RIYADH - People in the Middle East will lose sleep over a nuclear deal between global powers and Iran, a Saudi foreign policy adviser said on Sunday, signalling the deep unease Sunni Muslim Gulf states have over Western rapprochement with their Shi'ite foe.
At the time the adviser spoke, Saudi Arabia had not officially responded to news of the deal under which Western countries will ease sanctions in return for curbs on Iran's nuclear program. Riyadh has frequently called for Washington to maintain a tough line with Tehran.
Abdullah al-Askar, chairman of Saudi Arabia's appointed Shoura Council, a quasi-parliament that advises the government on policy, stressed that he had no knowledge of his government's official response but was personally worried.
"I am afraid Iran will give up something on [its nuclear program] to get something else from the big powers in terms of regional politics. And I'm worrying about giving Iran more space or a freer hand in the region," he said.
"The government of Iran, month after month, has proven that it has an ugly agenda in the region, and in this regard no one in the region will sleep and assume things are going smoothly," Askar said.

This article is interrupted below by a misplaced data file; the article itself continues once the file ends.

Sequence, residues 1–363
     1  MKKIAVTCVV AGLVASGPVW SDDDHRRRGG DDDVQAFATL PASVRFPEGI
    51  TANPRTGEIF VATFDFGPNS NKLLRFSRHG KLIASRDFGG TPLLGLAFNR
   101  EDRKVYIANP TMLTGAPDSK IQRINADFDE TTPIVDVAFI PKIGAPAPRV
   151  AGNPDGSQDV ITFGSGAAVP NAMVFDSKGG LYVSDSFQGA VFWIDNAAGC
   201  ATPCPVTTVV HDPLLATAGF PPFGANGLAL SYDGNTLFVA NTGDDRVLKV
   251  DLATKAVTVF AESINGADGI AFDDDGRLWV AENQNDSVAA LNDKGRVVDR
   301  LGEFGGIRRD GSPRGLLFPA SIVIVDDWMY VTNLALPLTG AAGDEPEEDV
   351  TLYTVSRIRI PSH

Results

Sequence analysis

In the hours before Sunday's deal was sealed, Gulf Arab leaders, including Saudi King Abdullah and the rulers of Qatar and Kuwait, met late on Saturday night to discuss "issues of interest to the three nations".
The Gulf Arab rulers, all Sunni Muslims, are enemies of Shi'ite Iran, which backs Syria's President Bashar al-Assad in a civil war in which they back the rebels. They have accused Tehran of fomenting unrest in a range of countries including Yemen, Bahrain, Lebanon and Iraq. Iran denies such meddling.
"The people of the region know Iranian policies and Iranian ambitions. And they know that Iran will interfere in the politics of many countries in the region," Askar added.
In recent months Saudi Arabia has grown increasingly anxious about Washington's apparent willingness to deal with Iran's new President Hassan Rouhani and complained about President Barack Obama's reluctance to take tougher action in Syria's civil war.